28 Nov 2004
HS 101BX, American History to 1877
In the early eighteen hundreds, America was in the midst of the industrial revolution. Advances in technology were being realized, populations were growing at a staggering rate, and manufacturing businesses were popping up all over the North. The inferior transportation systems of the past were inadequate, by any sense of the measure, to keep up with this expansion. There was no simple or easy way to transport people, raw materials or manufactured goods from the Atlantic Coast to the Great Lakes. Only small items could be transported at a reasonable price. Farmers and merchants needed a way to conduct business in a more efficient and cost effective manner. The answer to the dilemma was the construction of a canal system. The most famous and successful canal to be built was the Erie Canal. The Erie Canal was designed to link the Hudson River with Lake Erie through the state of New York. The canal was a way to open the western country to settlers and to offer a cheap and safe way to carry produce to a market.
In the early 1800’s, while in a prison in Geneva, New York, a man conceived the actual idea for the construction of the Erie Canal. It was generally recognized that such a canal was greatly needed. This man, named Jesse Hawley, conceived the idea that a canal stretching from Lake Erie to the Hudson River could be built. Hawley wrote 14 separate essays on the virtues of a Canal that would cross the state of New York. The magnitude of the undertaking to build a canal developed much strong opposition by the legislature of New York. For years the project struggled along before sufficient public sentiment could be aroused to demand its fulfillment. The president at the time, Thomas Jefferson, thought the idea “a little short of madness”, however, the idea grew substantial support from New York City Mayor, De Witt Clinton. Opponents to the canal called the proposal “Clinton’s Folly” and “Clinton’s Big Ditch” (“New York State Canal's History”).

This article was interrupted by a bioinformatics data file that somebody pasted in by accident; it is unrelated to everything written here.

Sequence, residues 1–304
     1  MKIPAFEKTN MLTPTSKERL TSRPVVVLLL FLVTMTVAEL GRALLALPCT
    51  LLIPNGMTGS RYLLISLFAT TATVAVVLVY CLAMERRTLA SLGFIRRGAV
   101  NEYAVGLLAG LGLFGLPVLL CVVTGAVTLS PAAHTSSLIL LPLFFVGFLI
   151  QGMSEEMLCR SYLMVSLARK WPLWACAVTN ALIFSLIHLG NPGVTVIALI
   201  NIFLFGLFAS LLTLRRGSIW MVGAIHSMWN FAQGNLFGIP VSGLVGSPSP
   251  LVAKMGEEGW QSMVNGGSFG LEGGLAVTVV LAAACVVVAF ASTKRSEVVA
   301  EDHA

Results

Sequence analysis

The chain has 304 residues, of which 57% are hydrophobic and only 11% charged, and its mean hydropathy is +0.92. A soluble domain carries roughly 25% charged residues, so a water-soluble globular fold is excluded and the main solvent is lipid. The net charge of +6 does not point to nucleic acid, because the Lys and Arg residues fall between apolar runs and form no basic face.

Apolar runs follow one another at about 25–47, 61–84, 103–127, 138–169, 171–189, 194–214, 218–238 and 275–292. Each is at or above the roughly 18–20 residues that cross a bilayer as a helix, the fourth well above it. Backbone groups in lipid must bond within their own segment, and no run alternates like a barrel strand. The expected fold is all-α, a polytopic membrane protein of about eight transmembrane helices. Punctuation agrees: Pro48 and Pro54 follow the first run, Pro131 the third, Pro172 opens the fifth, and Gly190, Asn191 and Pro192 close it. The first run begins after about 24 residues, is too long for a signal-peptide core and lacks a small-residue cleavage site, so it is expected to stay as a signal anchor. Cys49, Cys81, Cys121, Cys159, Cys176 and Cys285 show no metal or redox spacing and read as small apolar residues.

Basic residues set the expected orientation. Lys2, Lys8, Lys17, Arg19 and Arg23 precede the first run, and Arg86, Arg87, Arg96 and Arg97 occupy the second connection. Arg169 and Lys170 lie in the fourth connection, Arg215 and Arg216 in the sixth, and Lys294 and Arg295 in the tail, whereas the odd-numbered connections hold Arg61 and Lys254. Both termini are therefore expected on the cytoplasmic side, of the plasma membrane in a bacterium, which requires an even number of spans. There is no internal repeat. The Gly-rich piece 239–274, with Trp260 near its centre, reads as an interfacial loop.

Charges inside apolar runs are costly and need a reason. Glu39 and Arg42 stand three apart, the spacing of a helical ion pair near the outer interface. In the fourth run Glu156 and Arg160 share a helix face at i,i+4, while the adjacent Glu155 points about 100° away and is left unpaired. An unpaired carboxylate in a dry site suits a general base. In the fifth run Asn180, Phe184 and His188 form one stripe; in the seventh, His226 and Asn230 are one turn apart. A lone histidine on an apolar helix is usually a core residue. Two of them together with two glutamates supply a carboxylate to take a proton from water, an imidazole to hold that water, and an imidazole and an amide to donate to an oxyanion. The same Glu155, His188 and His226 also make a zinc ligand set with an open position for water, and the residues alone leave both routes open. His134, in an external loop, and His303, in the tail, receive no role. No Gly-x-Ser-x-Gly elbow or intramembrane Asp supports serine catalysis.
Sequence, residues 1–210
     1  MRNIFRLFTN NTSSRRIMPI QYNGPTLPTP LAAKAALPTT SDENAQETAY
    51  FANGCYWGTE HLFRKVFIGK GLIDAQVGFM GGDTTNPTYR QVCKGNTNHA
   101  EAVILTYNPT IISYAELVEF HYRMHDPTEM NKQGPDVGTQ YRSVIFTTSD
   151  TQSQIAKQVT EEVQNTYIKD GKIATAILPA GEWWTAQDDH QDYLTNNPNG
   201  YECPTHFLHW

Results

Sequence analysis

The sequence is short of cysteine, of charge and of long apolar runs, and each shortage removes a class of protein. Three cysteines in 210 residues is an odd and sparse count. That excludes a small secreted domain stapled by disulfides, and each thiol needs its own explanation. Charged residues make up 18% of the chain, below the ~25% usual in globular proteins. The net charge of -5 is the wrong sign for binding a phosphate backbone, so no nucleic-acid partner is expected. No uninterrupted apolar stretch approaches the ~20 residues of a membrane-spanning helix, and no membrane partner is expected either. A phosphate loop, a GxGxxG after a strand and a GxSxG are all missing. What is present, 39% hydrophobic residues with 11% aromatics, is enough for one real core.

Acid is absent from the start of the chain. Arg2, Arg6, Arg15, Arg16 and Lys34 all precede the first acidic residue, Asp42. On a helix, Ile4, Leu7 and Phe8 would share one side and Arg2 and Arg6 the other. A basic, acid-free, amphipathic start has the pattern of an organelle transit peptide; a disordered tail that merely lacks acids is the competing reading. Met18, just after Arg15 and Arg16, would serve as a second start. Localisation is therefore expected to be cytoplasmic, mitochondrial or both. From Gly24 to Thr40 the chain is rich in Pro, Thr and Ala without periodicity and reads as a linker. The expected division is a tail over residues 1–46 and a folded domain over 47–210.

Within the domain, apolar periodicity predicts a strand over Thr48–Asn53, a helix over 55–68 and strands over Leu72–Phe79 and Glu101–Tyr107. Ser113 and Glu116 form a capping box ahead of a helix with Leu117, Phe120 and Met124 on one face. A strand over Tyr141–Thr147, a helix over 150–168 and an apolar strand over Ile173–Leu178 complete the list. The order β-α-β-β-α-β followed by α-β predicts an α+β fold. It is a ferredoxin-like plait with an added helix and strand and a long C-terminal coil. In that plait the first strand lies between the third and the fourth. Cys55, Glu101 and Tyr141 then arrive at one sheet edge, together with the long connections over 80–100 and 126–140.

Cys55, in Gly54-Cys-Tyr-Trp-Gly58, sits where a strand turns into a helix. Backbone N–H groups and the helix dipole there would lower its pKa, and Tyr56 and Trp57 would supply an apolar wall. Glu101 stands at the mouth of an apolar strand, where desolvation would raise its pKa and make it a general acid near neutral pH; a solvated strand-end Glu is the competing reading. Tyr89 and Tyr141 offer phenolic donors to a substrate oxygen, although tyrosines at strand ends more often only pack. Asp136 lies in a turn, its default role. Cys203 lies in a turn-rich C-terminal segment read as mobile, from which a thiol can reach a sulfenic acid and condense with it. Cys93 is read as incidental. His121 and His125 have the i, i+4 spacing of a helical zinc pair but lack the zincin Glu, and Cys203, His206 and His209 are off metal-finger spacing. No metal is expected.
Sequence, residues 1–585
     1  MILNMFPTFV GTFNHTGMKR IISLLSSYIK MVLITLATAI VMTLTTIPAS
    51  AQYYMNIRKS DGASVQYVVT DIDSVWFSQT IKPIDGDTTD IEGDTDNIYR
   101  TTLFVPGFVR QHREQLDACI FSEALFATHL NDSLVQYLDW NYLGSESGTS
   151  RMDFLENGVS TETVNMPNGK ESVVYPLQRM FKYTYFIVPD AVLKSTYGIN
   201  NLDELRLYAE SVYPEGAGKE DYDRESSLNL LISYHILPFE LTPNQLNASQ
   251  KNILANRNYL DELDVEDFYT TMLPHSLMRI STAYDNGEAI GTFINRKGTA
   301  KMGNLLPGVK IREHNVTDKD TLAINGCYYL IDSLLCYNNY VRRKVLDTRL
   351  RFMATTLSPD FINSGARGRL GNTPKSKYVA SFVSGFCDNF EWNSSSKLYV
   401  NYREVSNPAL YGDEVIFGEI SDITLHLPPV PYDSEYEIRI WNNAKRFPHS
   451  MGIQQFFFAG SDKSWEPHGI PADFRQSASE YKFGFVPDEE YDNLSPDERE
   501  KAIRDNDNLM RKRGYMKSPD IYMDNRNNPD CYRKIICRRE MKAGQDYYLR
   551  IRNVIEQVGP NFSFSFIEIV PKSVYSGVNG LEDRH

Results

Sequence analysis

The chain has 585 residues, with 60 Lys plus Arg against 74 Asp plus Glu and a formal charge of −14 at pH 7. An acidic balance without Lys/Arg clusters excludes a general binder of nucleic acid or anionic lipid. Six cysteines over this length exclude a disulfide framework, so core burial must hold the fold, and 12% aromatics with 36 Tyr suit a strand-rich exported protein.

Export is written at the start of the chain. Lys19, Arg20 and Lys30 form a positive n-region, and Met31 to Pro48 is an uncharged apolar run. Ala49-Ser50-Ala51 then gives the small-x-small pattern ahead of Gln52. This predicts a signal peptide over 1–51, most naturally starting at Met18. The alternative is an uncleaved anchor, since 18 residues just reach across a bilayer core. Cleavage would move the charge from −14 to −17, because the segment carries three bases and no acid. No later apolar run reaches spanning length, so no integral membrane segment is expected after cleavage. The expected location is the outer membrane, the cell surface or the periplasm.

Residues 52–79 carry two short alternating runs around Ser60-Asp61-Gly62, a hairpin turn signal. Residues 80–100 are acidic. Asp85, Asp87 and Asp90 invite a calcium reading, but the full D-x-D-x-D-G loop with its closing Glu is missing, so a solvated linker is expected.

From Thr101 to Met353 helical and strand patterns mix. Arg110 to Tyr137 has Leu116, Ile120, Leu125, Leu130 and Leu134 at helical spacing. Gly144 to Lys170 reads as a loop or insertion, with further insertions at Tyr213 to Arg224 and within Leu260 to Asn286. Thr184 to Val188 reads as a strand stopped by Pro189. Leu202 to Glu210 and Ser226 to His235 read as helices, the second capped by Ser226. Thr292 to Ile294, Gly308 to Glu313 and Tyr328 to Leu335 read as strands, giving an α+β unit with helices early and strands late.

The task to build the first canal in New York State was given to the Western Inland Lock Navigation Company. New York State Legislature chartered this company to create an uninterrupted water transportation route from Lake Ontario to the Hudson River. To complete this task, the Western Inland Lock Navigation Company was to attempt to improve and link the Mohawk River, Oneida Lake, and the Oneida River. The Western Inland Lock Navigation Company was not too successful in accomplishing this task. Immense technical and financial difficulties arose, however, in the end, the Western Inland Lock Navigation Company did manage to create a one mile canal that by-passed the Little Falls of the Mohawk River. To finance the project, Western Inland Lock Navigation Company collected tolls for the use of their canal. This attempt to produce revenue barely provided enough funds to keep its locks in working order (“Erie Canal”).
Even with the struggles and limited success of the Western Inland Lock Navigation Company, many prominent political leaders still wanted a canal system built across New York State. In 1817, DeWitt Clinton became governor of New York State and funding approval of the canal quickly followed (“Erie Canal Time Line”). Clinton convinced the State legislature to authorize $7 million to fund the construction of the canal (“The Erie Canal: A Brief History).
On July 4, 1817, construction of the Erie Canal started when ground was broken at a site near Rome, New York. The actual selection of where the ground breaking would begin was determined because no locks or aqueducts would be needed for the first 80 miles from that site. This would speed up construction and quiet detractors that didn’t agree with the construction (“New York State Canal's History”). During this time in history, no engineering schools existed. Design of the Erie Canal was left up